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Running Commentary: Betting on Ill-health

Betting on ill-health

While some workers fatalistically accept their position in society as preordained (“if it was meant to be, there’s nothing you can do about it”), others consider their status to be largely determined by luck or, more accurately, the lack of it. That capitalism is a game of chance is true only to the extent that those born into the ruling class (odds of about 20-1 against) have a distinct advantage over the rest of us.

The Olympics: Sport As Warfare

A large number of people are currently assembled in Moscow to take part in, watch, or report on, a festival of international sport which, supposedly, contributes to world peace by bringing people of different countries together in a spirit of friendly competition. The popular mythology has it that even the compilation of medal tables, so as to discover which nation has come “top”, is preferable to other ways of asserting national superiority or increasing national prestige—score, score is apparently better than war, war. In fact, those who gather in Moscow are participating in a gigantic charade—a mixture of hypocrisy, chauvinism and plain dishonesty which mirrors accurately enough the world of which it is a part.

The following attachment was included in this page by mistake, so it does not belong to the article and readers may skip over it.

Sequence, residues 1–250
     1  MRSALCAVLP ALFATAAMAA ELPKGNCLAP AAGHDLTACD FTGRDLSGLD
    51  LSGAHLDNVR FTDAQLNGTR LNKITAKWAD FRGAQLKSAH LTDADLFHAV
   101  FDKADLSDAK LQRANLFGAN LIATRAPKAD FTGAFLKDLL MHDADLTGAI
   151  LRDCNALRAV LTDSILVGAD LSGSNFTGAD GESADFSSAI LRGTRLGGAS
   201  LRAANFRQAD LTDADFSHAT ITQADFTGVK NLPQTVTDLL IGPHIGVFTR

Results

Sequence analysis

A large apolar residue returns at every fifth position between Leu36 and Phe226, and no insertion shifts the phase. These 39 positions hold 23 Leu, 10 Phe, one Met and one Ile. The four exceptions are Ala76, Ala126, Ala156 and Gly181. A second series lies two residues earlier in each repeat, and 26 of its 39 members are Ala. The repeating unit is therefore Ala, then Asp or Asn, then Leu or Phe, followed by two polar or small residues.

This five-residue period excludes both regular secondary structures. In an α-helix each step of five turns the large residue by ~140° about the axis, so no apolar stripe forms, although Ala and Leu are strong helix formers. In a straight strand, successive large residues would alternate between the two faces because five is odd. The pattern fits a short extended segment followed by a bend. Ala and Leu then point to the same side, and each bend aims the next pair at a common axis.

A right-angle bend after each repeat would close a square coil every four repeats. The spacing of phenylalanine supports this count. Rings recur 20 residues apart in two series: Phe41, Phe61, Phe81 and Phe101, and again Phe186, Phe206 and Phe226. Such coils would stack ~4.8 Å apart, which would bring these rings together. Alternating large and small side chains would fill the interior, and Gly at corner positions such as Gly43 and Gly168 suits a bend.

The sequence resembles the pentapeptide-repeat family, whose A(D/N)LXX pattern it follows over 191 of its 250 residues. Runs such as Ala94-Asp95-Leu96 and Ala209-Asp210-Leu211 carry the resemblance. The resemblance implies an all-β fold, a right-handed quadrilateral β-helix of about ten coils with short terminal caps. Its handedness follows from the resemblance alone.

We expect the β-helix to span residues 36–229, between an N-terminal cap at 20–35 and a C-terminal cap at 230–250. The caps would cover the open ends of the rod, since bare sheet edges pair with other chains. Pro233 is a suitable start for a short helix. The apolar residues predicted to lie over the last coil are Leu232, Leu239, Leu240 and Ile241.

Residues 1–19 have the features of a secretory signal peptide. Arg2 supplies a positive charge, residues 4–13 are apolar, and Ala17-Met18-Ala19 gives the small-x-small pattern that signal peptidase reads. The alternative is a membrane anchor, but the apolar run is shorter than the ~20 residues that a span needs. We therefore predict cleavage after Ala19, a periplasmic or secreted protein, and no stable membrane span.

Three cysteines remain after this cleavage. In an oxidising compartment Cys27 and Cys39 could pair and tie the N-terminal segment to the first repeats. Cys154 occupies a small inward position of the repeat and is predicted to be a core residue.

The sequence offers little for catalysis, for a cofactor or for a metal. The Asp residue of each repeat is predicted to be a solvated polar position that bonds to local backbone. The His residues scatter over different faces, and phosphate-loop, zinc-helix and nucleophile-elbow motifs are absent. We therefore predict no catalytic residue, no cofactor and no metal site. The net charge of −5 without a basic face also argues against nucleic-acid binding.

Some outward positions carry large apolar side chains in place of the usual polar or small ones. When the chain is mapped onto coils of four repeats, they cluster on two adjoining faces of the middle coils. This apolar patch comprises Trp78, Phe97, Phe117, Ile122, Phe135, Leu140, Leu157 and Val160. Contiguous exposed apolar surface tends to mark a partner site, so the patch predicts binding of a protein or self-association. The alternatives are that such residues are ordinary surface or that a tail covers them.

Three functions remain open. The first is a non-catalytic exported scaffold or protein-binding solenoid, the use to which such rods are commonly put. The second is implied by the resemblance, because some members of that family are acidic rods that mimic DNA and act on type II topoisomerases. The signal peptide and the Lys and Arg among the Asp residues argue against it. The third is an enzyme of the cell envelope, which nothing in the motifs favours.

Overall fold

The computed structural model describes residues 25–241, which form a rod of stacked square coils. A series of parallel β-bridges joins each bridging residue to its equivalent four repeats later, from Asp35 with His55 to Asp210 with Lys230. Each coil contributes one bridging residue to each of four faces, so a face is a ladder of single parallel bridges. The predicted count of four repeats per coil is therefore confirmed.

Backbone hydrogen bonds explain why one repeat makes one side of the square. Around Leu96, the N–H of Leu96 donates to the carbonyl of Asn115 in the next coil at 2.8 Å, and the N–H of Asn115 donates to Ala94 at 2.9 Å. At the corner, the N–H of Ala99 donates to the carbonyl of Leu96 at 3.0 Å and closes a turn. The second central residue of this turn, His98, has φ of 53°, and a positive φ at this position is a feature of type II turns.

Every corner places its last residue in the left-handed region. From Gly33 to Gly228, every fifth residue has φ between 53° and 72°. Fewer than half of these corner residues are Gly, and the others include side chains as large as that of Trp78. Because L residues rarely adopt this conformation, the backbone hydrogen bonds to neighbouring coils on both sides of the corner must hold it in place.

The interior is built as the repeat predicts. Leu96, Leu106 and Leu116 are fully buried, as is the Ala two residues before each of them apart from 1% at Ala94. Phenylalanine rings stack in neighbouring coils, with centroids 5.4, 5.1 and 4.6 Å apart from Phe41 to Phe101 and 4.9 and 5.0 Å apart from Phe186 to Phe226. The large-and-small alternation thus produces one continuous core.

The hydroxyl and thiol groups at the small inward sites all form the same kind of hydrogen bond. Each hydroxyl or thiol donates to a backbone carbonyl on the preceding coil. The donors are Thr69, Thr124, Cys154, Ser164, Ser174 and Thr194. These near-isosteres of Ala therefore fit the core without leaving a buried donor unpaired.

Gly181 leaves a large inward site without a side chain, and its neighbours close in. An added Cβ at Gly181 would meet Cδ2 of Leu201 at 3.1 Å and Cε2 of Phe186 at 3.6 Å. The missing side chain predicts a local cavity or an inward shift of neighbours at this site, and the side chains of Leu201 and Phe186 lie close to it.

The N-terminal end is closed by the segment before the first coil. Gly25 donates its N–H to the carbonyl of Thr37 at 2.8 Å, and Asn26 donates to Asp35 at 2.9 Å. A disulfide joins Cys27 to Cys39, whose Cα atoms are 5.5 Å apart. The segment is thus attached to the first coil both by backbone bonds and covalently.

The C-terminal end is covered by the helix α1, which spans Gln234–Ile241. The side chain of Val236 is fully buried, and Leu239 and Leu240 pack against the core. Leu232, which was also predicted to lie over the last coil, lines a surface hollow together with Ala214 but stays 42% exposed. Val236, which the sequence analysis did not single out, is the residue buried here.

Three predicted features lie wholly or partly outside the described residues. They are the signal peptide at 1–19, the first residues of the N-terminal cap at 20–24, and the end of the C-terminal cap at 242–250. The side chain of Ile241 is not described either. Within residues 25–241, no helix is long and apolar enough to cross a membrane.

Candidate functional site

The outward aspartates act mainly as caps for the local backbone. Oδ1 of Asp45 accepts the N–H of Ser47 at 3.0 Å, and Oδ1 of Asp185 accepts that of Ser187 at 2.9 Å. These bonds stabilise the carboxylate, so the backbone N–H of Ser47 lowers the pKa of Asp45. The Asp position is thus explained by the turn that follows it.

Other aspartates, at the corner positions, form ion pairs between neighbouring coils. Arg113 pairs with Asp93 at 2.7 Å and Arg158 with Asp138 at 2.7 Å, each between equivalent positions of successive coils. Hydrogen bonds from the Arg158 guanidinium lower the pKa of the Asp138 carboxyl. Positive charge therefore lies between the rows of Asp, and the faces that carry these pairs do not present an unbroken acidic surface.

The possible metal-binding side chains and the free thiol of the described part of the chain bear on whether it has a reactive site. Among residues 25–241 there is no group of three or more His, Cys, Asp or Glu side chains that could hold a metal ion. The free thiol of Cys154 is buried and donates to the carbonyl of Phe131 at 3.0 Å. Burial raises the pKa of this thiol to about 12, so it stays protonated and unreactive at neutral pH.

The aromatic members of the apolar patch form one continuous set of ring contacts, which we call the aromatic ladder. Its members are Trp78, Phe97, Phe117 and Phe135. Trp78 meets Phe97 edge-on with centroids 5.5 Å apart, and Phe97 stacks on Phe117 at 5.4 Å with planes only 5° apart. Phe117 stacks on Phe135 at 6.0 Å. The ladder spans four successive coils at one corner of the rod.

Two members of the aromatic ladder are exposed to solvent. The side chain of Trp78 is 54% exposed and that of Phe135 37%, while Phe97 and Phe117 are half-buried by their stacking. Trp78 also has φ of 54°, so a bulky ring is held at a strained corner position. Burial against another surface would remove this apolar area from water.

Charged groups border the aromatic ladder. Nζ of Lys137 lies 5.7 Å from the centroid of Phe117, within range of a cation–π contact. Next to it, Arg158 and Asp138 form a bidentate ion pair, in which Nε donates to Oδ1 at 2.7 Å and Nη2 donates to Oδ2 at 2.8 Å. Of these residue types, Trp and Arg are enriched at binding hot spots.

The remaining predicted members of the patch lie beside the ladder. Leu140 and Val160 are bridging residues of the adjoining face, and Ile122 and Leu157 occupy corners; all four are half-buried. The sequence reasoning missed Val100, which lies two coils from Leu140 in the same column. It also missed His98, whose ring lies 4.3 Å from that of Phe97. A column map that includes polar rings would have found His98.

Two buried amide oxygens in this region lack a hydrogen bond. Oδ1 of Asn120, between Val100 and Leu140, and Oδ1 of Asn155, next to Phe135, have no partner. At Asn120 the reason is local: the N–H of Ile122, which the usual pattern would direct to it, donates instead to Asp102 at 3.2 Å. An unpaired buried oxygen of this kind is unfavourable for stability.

South Korea: Behind the Mask

Before the first Olympic spectator had arrived in South Korea, the police had swept over sixteen thousand "criminals" — drug addicts, prostitutes, beggars and petty thieves — from the streets of the capital city. No more than a quarter were formally charged, the rest either spirited away by summary courts or detained pending further "investigations". Meanwhile, the tens of thousands of slum dwellers evicted to make way for the Olympic stadium are now living in tents. They received no compensation, but they have been invited to the rehearsals of the opening and closing ceremonies; "We want them to feel it's everybody's Olympics", said Mr Yi Dong, the city's senior planner (Guardian, 30 August).

The Games

The Olympic Games are upon us again, with their displays of athleticism and endurance and their political threats. The inspiration for the founding of the modern Games is said to have been the idea that the ancient ones were a reason for the Golden Age of Greece (which rested, in fact, on the exploitation of slaves). The various national representatives to whom Baron de Coubertin put his belief in 1894 might have told him he was a mistaken ass, but set that aside in favour of the prospect of a regular festival of commerce and the nation-state.

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